Examples in Ann Arbor include the Silas Douglas House at 502 E. Huron (1848 with additions in the 1850s and 1860s), the Palmer-Ryan House at 205 N. Division (1868/1876; the DKE Shant at 611 E. William (1878), First Congregational Church 608 E. William (1876), and St. Andrew's Episcopal Church at 306 N. Division (1867/1880/1903/1951). An unusually fine example of the style is the Gate House at Forest Hill Cemetery at 415 Observatory (1858/1874). Many of these examples were the work of British trained architect Gordon Lloyd.
St. Andrew's received the Project of the Year Award from the HDC in 2010 after a major renovation was completed. First Congregational Church received a Preservation Award in 1989. Many of the others have received Preservation Awards from the HDC over the years.
Susan Wineberg, 2022
QUEEN ANNE (1875-1910)
The Queen Anne style is what most people think of as “Victorian" architecture. It is a very busy style, characterized by asymmetry, varying materials, different size windows and doors, different types of trim, turned spindles, many rooflines, cross gables, turrets, and towers. It was all to dazzle the eye, and it did because of the large amount of lumber and new machinery available. Soon the forests disappeared and tastes changed.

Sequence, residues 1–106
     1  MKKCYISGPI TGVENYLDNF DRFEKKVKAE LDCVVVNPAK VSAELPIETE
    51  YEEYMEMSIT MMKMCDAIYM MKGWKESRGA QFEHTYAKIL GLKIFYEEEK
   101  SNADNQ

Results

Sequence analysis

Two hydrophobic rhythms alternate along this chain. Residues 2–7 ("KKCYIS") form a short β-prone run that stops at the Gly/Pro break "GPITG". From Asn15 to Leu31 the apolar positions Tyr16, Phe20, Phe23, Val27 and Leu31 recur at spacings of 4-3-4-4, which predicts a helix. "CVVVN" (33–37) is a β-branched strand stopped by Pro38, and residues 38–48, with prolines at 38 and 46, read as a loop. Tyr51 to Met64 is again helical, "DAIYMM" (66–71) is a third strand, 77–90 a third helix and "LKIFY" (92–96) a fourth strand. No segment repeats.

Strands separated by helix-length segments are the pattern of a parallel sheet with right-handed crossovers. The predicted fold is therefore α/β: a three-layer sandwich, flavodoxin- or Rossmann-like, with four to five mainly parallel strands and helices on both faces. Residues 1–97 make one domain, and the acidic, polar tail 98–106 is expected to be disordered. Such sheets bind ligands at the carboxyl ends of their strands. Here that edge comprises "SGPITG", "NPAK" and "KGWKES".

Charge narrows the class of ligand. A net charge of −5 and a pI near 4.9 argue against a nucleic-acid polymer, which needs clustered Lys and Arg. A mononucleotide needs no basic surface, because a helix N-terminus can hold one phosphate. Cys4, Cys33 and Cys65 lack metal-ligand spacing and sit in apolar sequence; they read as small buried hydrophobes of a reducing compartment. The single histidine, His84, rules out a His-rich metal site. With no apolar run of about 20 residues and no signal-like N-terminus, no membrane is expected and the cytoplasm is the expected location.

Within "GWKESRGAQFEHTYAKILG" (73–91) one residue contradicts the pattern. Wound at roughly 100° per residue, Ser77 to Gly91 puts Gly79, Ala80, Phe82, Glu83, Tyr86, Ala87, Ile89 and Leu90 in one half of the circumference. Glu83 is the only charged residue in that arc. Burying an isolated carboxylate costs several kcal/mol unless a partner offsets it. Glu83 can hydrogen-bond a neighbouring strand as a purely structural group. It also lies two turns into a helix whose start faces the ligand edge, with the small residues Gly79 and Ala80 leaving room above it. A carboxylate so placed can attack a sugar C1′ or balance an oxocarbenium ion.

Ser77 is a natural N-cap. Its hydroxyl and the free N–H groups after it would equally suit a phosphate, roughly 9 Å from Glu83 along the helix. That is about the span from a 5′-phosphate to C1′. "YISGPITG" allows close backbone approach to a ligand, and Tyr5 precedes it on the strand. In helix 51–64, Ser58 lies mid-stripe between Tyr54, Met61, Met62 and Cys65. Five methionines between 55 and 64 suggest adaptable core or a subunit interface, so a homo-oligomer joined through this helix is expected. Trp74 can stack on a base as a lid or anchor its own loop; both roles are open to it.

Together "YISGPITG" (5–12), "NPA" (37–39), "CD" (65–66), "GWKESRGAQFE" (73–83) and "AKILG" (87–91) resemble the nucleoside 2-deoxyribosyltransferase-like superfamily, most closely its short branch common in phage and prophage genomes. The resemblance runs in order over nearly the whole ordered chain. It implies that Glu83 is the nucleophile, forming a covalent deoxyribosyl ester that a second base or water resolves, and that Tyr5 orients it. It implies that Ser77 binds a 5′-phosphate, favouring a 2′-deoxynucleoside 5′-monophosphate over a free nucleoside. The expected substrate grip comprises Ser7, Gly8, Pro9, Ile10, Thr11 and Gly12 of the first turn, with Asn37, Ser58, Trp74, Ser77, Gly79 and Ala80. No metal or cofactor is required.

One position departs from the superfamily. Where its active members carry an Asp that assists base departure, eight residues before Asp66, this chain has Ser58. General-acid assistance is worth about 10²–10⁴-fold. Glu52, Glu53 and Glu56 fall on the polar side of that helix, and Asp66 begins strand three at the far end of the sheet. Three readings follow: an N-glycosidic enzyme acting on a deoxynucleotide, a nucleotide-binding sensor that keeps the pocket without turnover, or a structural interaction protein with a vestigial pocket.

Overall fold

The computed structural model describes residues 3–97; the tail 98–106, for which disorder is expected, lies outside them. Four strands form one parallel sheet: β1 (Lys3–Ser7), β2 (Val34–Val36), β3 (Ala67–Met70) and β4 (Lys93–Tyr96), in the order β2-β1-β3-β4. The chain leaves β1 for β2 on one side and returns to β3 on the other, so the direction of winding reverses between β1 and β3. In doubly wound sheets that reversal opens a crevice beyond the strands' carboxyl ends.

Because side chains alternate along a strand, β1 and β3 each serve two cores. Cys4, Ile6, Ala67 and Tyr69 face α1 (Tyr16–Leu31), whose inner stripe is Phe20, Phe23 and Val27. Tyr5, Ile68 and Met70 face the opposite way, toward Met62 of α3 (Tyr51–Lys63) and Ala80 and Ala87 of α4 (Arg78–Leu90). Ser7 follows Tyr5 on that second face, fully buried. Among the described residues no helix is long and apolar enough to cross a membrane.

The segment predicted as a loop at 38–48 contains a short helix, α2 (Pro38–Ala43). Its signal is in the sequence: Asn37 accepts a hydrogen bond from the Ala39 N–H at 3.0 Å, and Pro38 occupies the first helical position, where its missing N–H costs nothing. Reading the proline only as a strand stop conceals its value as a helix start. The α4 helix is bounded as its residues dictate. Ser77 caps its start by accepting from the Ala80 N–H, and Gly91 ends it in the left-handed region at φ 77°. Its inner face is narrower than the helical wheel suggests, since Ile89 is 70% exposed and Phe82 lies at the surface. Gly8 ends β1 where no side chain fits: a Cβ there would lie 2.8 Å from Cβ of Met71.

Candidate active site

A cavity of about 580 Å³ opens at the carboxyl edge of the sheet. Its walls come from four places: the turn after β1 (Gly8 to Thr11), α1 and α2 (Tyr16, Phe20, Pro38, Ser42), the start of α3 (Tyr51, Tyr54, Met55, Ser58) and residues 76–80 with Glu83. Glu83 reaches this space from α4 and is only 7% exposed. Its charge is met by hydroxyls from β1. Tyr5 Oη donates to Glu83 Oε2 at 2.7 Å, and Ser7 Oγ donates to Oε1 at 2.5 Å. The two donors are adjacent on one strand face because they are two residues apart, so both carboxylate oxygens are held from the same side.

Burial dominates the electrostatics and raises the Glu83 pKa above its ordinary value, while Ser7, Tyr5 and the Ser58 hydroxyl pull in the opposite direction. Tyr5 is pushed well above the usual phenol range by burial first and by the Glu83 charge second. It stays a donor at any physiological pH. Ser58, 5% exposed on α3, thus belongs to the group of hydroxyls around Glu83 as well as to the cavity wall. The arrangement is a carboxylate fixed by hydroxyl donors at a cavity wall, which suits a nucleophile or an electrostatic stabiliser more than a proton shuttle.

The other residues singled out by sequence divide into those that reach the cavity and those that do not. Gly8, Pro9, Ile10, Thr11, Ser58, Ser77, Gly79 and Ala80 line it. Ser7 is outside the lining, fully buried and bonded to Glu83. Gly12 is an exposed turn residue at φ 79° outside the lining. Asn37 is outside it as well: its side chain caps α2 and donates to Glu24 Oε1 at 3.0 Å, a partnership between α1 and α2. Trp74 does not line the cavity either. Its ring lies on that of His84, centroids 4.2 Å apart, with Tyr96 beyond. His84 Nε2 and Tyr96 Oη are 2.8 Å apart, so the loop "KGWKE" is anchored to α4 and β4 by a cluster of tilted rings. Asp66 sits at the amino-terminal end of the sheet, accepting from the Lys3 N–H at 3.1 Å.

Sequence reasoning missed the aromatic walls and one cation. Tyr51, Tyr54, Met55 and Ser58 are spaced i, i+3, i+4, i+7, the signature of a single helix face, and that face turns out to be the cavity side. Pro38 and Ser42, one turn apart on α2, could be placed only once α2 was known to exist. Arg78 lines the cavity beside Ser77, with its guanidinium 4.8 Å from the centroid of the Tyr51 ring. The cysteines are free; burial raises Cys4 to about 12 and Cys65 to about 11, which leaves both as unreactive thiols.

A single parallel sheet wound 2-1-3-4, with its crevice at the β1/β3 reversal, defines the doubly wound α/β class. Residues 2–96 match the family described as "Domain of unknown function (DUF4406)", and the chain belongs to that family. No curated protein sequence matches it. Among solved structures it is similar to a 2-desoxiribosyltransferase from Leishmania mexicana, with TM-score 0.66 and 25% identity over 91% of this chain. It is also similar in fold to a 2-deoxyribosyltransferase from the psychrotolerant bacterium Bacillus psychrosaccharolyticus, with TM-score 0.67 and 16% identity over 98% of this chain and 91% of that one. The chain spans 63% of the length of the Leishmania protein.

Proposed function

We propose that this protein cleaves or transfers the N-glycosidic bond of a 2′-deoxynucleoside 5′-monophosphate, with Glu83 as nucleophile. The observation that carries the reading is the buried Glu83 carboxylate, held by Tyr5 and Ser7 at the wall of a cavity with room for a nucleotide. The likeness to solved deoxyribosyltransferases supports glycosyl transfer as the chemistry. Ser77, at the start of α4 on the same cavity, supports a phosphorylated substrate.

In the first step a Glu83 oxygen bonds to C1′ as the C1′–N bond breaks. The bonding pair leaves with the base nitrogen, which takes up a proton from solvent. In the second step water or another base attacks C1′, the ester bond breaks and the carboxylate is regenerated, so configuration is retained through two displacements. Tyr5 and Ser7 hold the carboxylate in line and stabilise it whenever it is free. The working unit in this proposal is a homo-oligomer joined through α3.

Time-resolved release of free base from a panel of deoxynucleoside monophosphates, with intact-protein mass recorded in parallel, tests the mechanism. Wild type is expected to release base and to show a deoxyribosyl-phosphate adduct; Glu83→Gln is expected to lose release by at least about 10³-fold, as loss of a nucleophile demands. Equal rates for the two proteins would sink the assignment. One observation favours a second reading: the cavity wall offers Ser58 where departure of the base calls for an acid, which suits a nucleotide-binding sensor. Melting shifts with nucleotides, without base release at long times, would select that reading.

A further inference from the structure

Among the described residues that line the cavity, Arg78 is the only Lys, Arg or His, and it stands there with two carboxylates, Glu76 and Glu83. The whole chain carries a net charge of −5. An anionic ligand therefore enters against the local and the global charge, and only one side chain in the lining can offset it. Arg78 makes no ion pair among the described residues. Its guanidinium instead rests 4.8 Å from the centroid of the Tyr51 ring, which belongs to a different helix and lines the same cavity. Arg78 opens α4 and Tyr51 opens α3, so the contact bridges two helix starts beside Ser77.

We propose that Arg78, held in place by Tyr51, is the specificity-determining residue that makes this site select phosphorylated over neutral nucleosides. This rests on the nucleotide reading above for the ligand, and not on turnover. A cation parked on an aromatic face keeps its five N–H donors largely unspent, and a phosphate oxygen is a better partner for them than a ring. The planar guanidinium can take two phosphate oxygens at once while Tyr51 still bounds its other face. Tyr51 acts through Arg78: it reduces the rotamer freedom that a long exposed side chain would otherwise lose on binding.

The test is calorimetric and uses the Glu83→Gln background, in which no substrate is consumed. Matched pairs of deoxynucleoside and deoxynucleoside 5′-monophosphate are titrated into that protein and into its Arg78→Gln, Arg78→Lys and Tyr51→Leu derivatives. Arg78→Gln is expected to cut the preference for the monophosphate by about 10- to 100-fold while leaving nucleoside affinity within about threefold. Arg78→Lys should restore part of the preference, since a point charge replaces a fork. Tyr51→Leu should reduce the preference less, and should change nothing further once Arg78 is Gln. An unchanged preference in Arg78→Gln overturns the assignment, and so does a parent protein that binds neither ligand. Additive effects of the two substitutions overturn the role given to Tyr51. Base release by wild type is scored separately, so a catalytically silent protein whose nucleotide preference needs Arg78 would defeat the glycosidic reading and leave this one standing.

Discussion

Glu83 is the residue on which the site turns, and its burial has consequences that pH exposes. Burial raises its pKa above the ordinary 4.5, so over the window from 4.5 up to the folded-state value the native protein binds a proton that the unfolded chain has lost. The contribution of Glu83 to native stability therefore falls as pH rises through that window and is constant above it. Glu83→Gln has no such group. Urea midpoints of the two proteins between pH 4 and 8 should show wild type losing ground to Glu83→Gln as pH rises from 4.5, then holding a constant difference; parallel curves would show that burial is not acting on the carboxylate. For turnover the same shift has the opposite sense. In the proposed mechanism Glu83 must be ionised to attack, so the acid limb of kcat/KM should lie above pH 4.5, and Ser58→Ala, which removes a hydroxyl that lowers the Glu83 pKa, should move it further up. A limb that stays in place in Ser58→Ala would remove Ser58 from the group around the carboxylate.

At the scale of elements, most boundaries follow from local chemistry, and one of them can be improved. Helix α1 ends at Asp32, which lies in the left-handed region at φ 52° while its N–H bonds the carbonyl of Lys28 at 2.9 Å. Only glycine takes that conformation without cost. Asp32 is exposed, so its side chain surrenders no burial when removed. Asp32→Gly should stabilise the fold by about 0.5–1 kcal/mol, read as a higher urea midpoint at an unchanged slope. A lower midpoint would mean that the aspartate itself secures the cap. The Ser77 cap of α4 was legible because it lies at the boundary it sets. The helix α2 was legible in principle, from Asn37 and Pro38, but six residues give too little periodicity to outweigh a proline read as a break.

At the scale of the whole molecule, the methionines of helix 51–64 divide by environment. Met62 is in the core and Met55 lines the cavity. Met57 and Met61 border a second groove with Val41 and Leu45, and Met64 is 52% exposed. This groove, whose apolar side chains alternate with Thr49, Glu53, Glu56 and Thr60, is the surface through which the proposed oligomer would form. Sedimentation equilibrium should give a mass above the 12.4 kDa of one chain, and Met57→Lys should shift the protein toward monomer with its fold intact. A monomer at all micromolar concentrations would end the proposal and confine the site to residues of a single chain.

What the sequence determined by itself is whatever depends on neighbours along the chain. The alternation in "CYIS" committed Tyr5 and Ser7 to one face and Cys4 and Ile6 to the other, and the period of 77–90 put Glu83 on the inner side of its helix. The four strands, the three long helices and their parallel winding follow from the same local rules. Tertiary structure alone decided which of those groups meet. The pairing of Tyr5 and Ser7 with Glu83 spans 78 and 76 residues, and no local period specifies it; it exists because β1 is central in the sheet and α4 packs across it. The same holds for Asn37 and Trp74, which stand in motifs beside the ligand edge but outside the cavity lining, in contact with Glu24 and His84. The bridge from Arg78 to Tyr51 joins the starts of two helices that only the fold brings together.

Ann Arbor is full of many examples of this style despite the fact that it was despised for most of the 20th century. We lost many gorgeous buildings in this time period but thankfully some remain.
Good examples are the Schumacher House at 506 E. Kingsley (1891), the Wahr house at 445 S Fourth Ave (1890), another Wahr house at 120 N. Division (1894), and the Wilson-Johnson at 1335 Hill (1894).